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seeing the repercussions of a war that ended 20 years ago with the soviets and all the landmines. >> so than as we are driving there i said okay where are we going to put a school? what keel, he quickly said well we are going to let the community decide, so i've realized this man already knew some things that i was a proponent of. >> i think they should make education committee. we asked the jirga, what do you want? the important thing what we need is schools. we need schools. we need education for our children. different shura have, in the control education committees.
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education committee. but, i don't know, this other place, education. no wakil, know me, no commandant on the education position. >> once we started to wilander there was wakil who managed everything along with the elders of the shura of wilander. they worked very hard for studiously. they worked every day, 12, 14 hours. also, i was a little bit surprised at how beefy your strong wakil made the school. he told me this is going to be bombproof from the taliban or american bombs, no one can ruin our school. >> there are landmines all over that area and anywhere you would build a school in that village you wouldn't be far from that.
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>> we look up to the hilt. we will see all of the small white marks. these are all the places where landmines have been or have been removed. >> there you have two of the most powerful values in afghanistan juxtaposed against one another. the desire for education and the desire for security. education won out in wilander. you know there are kids in wilander. all of them were looking forward to attending this new school. no one's enthusiasm for the ideas being able to attend classes and learn how to read and write exceeded the enthusiasm of this one little boy. i met him in 2003. what i remember about him is he was a very bright student, very intelligent. >> he was so excited about the possibility of going to the school that he would hurt its goes up to the construction site
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every day to kind of monitor what was going on. >> when will you finish school? i want to come to read and write with a teacher. i told them maybe in six months, when the building of the school was finished you can with your friends, reading the school. >> at that time it was very big explosion. >> less than 100 meters from the school, he was walking and there was a loud bang, a boom that resonated through the valley. the sounds ricocheted, echoed through this area. i race down there and he was there. he was in very severe shock.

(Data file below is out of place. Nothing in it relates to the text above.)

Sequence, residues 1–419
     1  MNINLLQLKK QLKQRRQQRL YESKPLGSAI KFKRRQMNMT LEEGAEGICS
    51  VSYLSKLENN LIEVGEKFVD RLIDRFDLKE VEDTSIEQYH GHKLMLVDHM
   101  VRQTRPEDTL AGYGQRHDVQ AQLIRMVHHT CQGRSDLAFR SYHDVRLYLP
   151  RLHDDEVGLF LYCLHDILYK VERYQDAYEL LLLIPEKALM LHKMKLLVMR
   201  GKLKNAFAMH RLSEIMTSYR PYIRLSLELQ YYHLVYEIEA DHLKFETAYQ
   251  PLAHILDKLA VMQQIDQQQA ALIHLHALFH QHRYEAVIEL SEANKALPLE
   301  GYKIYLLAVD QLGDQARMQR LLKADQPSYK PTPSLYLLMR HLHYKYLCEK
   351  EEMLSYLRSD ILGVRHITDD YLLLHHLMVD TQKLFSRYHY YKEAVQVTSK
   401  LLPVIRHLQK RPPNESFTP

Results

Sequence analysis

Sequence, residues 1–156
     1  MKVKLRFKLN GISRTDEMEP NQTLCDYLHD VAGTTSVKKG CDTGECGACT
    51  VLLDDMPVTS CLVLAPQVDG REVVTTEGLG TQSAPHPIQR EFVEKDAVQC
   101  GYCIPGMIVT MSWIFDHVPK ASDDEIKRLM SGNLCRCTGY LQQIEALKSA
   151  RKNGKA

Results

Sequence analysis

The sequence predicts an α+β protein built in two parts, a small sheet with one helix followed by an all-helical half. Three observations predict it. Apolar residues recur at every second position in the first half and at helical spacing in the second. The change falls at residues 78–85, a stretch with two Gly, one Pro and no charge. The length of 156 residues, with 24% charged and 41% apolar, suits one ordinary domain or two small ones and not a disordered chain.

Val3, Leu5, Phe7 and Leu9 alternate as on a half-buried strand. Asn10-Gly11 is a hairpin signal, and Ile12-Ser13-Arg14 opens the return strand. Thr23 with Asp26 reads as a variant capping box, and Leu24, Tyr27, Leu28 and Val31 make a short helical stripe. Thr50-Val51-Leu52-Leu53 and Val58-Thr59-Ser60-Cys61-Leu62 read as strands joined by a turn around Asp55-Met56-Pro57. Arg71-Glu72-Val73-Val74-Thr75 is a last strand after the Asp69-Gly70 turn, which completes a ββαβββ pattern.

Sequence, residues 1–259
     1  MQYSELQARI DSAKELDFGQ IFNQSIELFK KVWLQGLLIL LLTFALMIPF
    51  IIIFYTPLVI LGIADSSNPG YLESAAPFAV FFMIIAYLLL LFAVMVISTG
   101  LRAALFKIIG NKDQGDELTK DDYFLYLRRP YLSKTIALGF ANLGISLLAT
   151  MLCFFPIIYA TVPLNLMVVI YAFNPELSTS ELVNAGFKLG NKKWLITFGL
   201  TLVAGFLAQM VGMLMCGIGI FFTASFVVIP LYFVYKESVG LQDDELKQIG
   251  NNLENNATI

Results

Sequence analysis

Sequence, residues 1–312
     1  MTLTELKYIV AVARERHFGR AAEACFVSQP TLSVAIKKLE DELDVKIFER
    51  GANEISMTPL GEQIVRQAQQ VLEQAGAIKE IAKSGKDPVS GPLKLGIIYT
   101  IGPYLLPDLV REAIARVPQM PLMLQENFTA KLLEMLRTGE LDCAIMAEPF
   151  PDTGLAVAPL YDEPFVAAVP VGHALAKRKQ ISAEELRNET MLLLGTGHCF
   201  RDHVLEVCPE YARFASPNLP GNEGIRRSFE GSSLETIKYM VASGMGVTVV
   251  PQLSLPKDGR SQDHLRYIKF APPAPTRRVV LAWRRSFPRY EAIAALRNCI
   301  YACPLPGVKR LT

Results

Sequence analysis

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he was not killed or dead yet, but there was no functioning vehicle and the community at the time, so they wrapped up a turn a kid and tried to take him by walking and by bicycle, and he died a few hours later. [speaking in native tongue] >> the first thing you notice
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and the thing that really stays with you are his eyes. they are deep, they are said. what he did with his wife was go and learn how to remove those mind so that other children and other fathers and mothers would not have to go through that same thing. but there is something about his face, almost like the whole story as there, that the beauty and the pain. >> when he was killed in 2006, he was buried and they had a big pile of stone on his grave, which we have now turned into a memorial, tribute with a grave and big flags and the built in memorial trail that goes about
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60 meters, all the way to wilander's school. >> things will move on. things are improving. never forget, it is important to remember the people who paid the ultimate sacrifice and that is part of their education. >> it is part of history, all of the death for two reasons-- for safety and to honor his death. >> the title "stones into schools" comes from an experience i had with the commandant, militia commander. we were sitting on the road, and he looked up in the mountains and he said, do you see those stones in the mountains and boulders? every one of those are a martyr